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How Marketing Tells the Truth to Make You Think a Lie

How Marketing Tells the Truth to Make You Think a Lie

There are laws about what manufacturers say on their labels – they cannot lie. They can, however, format the truth in a way that leads you to think it says something else. Sort of “marketing truth.”

Prime example, my body wash. I’m not complaining about the body wash. I’m not even complaining about what the label says versus what they want me to think the label says. I’m not complaining at all. I am observing great marketing in action.

The Lie You Think is the Truth

Label of body wash demonstrating good marketing through formatting

Part of why lawyers hide things is the small print is that the human brain reads the big print first and may – or may not – get to the small print last.

In the image above “100% PURE” is the big print. Next, “plant extracts” is in slightly smaller font and in lower-case letters. Finally, we have “contains” – the first line. This line is in lower case letters, maybe an even smaller font, AND the letters have much more space between them. Graphically, this spacing keeps everything flush; mentally, this is another trick to reduce the impact of the word on a person’s brain. What that all sums up to is that while the text says, “contains 100% pure plant extracts,” what your brain takes in is, “100% pure plant extracts … contains.”

The lie is: This product is 100% pure plant extracts.

What the label does not say includes:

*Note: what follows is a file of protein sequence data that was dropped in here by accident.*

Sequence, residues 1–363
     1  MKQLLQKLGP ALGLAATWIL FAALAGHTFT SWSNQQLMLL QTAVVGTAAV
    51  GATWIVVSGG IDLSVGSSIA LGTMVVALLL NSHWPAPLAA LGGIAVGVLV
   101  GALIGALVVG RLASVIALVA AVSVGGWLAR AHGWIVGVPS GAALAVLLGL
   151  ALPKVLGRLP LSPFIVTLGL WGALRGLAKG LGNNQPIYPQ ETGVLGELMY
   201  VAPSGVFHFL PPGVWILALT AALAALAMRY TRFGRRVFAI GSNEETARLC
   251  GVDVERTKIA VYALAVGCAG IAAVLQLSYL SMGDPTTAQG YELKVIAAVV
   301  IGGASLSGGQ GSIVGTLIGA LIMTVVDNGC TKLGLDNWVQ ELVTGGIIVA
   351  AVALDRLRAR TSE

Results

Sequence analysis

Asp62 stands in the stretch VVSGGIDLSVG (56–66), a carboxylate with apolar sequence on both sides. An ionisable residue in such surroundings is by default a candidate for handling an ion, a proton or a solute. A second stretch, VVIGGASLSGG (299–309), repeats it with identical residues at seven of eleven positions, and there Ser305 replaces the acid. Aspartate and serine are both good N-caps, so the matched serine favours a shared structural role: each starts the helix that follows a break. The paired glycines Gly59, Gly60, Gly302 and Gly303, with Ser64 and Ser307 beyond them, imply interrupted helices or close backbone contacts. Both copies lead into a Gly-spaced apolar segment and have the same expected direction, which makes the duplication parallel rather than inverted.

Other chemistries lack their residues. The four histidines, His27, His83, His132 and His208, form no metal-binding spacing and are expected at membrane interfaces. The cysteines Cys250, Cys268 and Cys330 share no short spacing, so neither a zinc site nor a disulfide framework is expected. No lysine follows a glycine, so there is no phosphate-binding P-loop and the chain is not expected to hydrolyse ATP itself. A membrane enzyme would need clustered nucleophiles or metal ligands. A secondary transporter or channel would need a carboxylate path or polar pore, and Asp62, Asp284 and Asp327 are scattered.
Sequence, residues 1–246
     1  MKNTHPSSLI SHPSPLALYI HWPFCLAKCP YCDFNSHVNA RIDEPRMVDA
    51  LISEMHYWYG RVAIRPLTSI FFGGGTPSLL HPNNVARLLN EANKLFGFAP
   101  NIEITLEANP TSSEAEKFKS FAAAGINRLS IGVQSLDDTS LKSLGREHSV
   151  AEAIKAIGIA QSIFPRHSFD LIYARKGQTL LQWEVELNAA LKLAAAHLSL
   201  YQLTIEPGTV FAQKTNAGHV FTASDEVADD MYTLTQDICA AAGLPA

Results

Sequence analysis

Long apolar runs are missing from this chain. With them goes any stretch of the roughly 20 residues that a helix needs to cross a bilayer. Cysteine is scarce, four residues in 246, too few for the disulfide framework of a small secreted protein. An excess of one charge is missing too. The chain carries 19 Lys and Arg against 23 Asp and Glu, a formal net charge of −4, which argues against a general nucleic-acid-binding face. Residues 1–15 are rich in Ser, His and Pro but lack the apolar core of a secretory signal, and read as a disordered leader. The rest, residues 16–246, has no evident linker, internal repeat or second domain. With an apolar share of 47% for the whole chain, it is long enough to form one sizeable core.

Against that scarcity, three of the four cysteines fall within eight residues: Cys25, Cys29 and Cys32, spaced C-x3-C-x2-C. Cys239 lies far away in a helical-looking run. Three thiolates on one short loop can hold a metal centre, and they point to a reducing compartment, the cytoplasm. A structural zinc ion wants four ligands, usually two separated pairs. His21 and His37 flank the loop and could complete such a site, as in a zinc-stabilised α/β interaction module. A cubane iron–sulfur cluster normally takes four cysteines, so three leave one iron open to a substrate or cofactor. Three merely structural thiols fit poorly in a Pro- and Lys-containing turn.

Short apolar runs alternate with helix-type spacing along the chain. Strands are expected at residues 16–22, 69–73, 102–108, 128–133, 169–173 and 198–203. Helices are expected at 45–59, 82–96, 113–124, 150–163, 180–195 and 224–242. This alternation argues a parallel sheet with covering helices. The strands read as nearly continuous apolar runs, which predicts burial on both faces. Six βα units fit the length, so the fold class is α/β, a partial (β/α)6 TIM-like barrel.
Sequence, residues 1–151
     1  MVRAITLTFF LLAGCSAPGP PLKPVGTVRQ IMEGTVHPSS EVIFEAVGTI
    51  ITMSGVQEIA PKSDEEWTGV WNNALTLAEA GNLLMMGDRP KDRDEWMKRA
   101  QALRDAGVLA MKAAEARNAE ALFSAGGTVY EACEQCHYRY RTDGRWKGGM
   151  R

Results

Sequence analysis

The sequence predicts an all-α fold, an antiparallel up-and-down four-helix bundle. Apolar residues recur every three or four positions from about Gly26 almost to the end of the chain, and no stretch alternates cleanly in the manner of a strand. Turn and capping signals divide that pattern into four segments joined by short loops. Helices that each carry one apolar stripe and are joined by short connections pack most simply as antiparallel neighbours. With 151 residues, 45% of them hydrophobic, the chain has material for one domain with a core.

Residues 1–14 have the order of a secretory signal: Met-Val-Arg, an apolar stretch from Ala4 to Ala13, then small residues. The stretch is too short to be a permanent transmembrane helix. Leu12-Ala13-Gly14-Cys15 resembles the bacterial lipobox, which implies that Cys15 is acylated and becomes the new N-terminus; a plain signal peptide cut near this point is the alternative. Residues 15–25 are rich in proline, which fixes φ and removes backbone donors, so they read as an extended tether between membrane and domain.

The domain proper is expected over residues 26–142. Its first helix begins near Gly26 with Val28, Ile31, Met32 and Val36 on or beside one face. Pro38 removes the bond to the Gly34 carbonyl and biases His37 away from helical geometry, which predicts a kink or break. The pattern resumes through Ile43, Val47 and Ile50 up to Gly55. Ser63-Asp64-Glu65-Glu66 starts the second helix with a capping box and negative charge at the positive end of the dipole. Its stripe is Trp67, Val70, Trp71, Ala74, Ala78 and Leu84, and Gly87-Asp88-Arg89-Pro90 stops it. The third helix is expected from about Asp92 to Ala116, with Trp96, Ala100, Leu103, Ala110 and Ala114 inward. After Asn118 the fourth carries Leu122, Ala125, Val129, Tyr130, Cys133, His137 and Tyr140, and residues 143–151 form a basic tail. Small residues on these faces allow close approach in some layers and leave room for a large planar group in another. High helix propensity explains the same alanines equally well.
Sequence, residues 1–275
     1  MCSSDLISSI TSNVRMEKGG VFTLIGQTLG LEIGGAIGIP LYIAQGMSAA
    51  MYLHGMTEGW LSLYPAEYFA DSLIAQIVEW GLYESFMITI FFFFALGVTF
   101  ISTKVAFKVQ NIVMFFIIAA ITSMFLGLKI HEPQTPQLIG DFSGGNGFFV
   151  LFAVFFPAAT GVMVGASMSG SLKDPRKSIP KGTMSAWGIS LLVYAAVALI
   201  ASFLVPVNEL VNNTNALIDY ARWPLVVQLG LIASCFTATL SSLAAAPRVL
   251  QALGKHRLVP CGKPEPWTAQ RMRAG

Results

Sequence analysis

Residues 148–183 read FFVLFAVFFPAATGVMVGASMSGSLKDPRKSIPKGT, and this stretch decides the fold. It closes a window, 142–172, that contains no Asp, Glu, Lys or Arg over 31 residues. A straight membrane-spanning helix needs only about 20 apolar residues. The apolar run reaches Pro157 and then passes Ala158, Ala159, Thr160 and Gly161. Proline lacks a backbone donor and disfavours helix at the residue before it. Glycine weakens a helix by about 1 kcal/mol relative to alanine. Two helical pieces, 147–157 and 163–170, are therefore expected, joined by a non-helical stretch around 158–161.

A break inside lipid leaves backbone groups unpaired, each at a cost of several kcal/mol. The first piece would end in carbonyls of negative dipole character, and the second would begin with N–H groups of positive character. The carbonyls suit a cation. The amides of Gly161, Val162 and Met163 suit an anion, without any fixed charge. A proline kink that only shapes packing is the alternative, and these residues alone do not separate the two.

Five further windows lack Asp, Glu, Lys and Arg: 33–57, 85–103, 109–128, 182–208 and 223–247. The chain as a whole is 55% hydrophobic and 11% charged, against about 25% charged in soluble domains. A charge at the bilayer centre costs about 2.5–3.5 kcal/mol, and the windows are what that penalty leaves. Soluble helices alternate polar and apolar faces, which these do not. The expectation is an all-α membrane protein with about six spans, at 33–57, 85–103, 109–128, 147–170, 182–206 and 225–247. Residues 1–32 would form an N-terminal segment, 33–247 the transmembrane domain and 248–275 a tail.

• Every ingredient is a 100% pure plant extract
  • Every ingredient is 100% pure
  • Every ingredient is a plant extract
  • Of the plant extracts, all of them are pure

Nope, what the label says is that somewhere in the ingredient list is at least one plant extract that is 100% pure.


The Truth of the Lie

Isn’t it amazing what the word “contain” can do?

According to my friend, the first definition of contain is, “to hold or include within its volume or area.”

Just because item A is holding item B, doesn’t mean that item A isn’t holding something else as well. I regularly put ice and lemon in my water bottle, thus my water bottle is not 100% full of any one thing. Instead, it contains water, ice, and lemon.

Without reading the actual ingredient list, we don’t know:

  • What plant extracts the body wash contains
  • How much of the actual product falls under the category of “plant extract”
  • How many of those plant extracts are actually 100% pure (rather than just 43% pure)

SIDE NOTE: How does a person impurify a plant extract? Couldn’t the manufacturer just list the impurities as separate ingredients?

Marketing is Fun

Understanding some basics of the human brain means the difference between telling the truth and saying something true that people interpret more favorably.

There’s a reason there are advanced degrees in this stuff.

– Lorrie Nicoles